Blackjack and 21 are the same thing: classic online blackjack. But in other cases, it may be Spanish 21. Why? Because they share the same rules and the same objective of the game.

There are small changes that make players think that they are different games. Read on: we will show differences. By the way, you can find both titles for training in YOJU AU.

Different title, same rules

Blackjack and 21 concern the same thing, with the same rules and game objective. So “21” is another name given to the classic game because players must obtain a total sum of 21 points to win. If we go back in history, the game had a Spanish-French origin and was the forerunner of today’s American variant.

For this reason, depending on where in the world you are, you may call it “21” or “blackjack”. However, Spanish 21 does have differences from the standard one. Despite that, the rule base and objectives remain the same.

The same goes for the different versions of live products: Free Bet, Power, Infinite and others use the same general rules and spice up the games with extra winning opportunities.

Differences between Blackjack and Spanish 21

Blackjack and 21 are the same thing. But in the Spanish game 21, the number 10 is removed from the Deck so that the player will have a large number of low-value cards.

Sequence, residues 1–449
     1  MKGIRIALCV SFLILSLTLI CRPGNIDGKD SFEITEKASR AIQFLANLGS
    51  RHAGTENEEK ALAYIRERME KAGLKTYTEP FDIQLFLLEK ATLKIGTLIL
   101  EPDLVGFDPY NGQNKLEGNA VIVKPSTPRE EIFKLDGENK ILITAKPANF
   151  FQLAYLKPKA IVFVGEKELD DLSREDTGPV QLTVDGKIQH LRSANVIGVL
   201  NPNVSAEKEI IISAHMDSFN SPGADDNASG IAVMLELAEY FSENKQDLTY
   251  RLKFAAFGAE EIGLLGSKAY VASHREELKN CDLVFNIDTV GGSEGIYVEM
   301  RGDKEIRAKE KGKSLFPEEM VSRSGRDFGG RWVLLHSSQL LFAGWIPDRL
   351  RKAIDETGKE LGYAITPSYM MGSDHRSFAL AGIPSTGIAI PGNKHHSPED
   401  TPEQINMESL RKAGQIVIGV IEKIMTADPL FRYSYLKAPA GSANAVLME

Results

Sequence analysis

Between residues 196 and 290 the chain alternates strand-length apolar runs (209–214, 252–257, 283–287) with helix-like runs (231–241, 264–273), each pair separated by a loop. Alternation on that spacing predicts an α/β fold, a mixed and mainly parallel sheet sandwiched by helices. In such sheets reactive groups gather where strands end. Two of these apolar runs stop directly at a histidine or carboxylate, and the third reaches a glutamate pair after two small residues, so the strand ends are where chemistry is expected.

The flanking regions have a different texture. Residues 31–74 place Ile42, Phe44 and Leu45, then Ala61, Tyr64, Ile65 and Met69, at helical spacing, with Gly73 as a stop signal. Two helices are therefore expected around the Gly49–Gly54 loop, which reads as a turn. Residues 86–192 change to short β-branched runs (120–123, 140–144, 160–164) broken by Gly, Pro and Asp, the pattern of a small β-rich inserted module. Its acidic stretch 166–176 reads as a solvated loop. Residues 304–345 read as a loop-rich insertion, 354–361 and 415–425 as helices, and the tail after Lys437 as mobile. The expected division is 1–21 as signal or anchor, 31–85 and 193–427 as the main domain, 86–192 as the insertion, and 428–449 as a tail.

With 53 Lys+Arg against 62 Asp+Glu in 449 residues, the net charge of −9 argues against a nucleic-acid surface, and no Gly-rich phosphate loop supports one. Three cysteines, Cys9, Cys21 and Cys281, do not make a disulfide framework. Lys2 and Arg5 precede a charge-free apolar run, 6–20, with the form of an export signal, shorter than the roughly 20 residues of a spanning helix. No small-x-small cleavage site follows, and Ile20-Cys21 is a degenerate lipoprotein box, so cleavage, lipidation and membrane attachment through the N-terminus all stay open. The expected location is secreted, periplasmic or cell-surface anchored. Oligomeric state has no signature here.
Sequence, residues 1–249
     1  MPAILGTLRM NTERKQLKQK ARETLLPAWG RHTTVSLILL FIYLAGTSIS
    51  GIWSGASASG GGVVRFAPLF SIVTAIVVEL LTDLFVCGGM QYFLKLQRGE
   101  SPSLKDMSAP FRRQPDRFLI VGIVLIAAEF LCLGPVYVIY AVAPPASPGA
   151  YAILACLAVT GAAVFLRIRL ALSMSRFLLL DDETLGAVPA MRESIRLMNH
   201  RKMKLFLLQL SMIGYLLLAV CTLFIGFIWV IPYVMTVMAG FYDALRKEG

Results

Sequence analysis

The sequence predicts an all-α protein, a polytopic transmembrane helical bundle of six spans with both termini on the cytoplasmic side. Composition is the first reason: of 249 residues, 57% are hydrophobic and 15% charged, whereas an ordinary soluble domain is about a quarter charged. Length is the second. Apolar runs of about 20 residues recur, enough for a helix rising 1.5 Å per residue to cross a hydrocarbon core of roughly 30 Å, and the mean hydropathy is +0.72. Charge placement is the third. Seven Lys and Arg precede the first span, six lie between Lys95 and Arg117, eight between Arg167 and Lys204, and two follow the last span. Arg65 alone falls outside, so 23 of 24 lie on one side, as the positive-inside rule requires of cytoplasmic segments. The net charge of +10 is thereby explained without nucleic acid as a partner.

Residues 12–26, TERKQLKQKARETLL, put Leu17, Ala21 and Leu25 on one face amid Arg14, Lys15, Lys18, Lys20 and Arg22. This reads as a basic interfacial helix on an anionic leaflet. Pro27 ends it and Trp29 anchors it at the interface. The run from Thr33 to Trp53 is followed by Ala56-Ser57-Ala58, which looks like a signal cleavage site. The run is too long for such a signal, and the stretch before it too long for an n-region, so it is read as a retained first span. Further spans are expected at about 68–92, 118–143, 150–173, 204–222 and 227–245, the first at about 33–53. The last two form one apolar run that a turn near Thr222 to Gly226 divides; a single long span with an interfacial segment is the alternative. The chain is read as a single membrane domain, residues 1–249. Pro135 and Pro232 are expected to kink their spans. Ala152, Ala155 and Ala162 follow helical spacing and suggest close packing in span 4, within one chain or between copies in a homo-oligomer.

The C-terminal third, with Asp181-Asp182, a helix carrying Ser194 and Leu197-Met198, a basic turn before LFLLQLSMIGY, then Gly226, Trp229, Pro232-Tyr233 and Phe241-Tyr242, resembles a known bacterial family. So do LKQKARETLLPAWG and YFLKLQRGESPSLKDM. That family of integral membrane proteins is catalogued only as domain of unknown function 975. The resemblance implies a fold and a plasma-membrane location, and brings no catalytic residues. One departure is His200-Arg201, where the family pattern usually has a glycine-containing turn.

Spanish 21 has more side bets along with insurance

Another difference is that a player who gets 21 will always win. If the dealer and the bettor both get 21, it will be the player who wins the round. Unlike the American variant, which will have no winners in the same situation.

Extending the side bets a little, for example, in the American version, the insurance bet pays 2:1, i.e. two chips for every chip bet.

In Spanish 21, there is a 5-card hand that pays 3:2, a 6-card hand that pays 2:1 and a 7-card hand that pays 3:1. And that’s not all, a three 7’s hand pays 3:2, and the dealer 7 pays 50:1.

Blackjack and 21: the same with a few variations

Now that you know, blackjack and 21 is the same game with the same rules and objectives. It all depends on where you are to call it one way or the other. Keep in mind that if you refer to the Spanish 21, the game will have slight differences, but the same objective: to get 21 to win.

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Jennifer Alvarez is an investigative journalist and is a correspondent for European Union. She is based in Zurich in Switzerland and her field of work include covering human rights violations which take place in the various countries in and outside Europe. She also reports about the political situation in European Union. She has worked with some reputed companies in Europe and is currently contributing to USA News as a freelance journalist. As someone who has a Masters’ degree in Human Rights she also delivers lectures on Intercultural Management to students of Human Rights. She is also an authority on the Arab world politics and their diversity.